This is by no means an exhaustive list but we (STEM librarians) at Dartmouth believe that skills below will help with your become a well-rounded STEM scholar. Use opportunities to develop these skill-sets while at Dartmouth.
Using the library homepage, you can use our search bar to access both our physical and digital collections. We try to ensure that most databases we subscribe to have their results available inside our search. However, there are databases that we cannot index to an item level–this especially applies to our business databases. If you are looking for something specific and not finding it, just ask us! If you are looking for a database by discipline, check out our selected A-Z Database list, or if you know the name of the database you are looking for, use the database search for a complete index.
Each database has a slightly different interface and it's important to explore these interfaces to use them efficiently when it's time for in depth research. Talk to a librarian about ways you can do this.
If you are writing an assignment, a paper, or an honors thesis, connect with the Institute for Writing and Rhetoric! You can get help with just revision of your written work or for help with structure and flow from a peer. Here is an additional general resource for general Science writing at the Undergraduate level.
If you would like to look at past theses, find that using this link. If you can't find what you are looking for, contact your subject librarian.It's a good idea to take a look at old thesis from your department to get a sense of formatting, style, etc. It's also a fantastic way to get a sense of the work done in your department by undergraduates.
The Scholarly Communication, Copyright, and Publishing librarians are available to help you understand copyright laws for sharing and using materials, share your research and other materials. Connect with them for research or class work if you have any specific questions.
If you are going to major in a STEM field it is imperative that you learn how to organize your resources early on. We recommend using Zotero, a free, open-source citation management software, and we offer regular workshops on how to start using it. Don't leave this important skill set till your junior and senior year. Start using it now. Ask your subject librarian for more information.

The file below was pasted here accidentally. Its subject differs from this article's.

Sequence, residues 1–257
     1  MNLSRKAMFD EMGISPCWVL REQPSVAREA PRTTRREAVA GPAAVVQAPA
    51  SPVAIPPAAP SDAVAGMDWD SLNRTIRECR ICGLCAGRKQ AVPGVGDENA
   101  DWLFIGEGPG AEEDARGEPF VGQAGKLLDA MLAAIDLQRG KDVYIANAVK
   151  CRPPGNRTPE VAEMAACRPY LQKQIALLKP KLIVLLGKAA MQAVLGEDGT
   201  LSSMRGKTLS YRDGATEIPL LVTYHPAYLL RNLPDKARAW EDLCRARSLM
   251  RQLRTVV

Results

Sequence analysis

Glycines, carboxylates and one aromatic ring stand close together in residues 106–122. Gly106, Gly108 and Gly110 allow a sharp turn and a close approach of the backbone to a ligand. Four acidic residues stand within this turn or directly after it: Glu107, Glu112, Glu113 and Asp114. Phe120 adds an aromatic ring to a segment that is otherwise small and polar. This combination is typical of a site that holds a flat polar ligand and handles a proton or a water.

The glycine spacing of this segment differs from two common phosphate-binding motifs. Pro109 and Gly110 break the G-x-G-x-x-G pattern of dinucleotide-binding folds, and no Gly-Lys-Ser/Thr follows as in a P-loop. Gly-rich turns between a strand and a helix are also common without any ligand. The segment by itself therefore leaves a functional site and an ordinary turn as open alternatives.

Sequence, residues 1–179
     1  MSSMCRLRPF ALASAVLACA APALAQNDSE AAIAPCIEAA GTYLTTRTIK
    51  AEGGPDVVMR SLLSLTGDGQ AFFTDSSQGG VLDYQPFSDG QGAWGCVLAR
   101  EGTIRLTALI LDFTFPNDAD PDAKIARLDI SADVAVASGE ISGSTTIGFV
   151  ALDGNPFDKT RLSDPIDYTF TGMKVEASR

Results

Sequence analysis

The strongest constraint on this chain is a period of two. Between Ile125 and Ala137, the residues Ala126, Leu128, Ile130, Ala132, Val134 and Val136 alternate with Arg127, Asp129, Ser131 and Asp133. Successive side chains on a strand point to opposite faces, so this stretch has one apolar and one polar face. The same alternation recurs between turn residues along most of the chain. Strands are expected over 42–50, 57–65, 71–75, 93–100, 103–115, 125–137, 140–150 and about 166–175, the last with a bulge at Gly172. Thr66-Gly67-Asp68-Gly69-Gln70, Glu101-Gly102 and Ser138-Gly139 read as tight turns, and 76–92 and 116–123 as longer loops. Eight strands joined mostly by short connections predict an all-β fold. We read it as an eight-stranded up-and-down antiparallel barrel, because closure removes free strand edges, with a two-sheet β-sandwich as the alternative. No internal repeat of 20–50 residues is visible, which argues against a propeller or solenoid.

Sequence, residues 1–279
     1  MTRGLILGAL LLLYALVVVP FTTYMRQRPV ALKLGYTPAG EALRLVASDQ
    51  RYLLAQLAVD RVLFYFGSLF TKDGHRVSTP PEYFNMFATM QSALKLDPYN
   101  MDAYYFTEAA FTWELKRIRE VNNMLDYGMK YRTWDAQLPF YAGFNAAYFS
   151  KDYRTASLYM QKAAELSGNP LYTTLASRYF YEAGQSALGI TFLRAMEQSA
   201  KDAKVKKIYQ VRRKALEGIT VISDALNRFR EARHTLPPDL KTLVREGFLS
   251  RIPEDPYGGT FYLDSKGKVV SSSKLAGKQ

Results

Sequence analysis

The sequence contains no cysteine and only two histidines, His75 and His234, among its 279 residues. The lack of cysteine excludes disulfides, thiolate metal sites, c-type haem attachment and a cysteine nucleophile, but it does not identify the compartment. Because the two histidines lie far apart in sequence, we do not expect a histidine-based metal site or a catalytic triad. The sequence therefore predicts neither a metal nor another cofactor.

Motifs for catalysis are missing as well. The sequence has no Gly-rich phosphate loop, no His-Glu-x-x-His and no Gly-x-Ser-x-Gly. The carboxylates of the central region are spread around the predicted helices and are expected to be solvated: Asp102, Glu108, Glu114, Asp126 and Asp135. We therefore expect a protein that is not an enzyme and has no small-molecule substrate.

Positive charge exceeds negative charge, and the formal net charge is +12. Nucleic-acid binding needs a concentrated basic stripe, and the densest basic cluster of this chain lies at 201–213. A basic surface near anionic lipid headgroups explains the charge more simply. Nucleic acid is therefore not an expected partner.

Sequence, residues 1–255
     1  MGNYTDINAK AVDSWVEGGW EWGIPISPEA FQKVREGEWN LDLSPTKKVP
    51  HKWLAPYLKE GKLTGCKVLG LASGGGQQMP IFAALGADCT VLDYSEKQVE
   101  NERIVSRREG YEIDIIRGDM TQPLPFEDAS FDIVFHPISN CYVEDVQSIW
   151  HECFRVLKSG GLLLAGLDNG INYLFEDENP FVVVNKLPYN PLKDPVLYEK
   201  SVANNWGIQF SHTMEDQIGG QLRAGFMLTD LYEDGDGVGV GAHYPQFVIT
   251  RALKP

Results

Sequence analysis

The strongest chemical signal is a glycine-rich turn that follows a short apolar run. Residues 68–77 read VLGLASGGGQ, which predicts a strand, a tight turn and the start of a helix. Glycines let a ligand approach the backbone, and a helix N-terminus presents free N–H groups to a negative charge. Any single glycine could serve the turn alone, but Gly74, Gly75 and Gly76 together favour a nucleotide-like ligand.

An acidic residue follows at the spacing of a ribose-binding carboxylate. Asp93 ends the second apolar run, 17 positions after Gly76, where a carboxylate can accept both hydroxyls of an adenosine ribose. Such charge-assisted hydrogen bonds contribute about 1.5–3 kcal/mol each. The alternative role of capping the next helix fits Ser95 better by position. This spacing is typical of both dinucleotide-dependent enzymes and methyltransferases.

Dartmouth offers a variety of research data services. The Library partners with other Dartmouth services like Research Computing and the Office of Sponsored Projects (OSP). If you are going to generate or collect data for analysis or are going to analyze existing data sets, we strongly recommend that you become familiar with setting up a Data Management Plan (DMP).
Also consider getting some basic Geo-spatial skills. Dartmouth students can get access to ArcGIS online, which is any way to get started. The Research Data Services team along with the Research Computing teams at Dartmouth offer several intro classes. You can register for these classes at the main library workshops and events link.
1. The Jones Media Center is an easy-to-use environment with the training and equipment necessary to create images or produce your own videos. You can get access to and train to use software like Adobe Illustrator and Photoshop that can be very useful as a STEM student. Communicating your research effectively is a huge part of being a STEM researcher.
Anyone in the Dartmouth community can use it to create a variety of visual media, including high-quality instructional videos, screen casts, and annotated media as well as podcasting. Check out the website for information on how to reserve and use the space.
2. Reach out to the Research Data Management group to get help with thinking about and developing effective data visualization.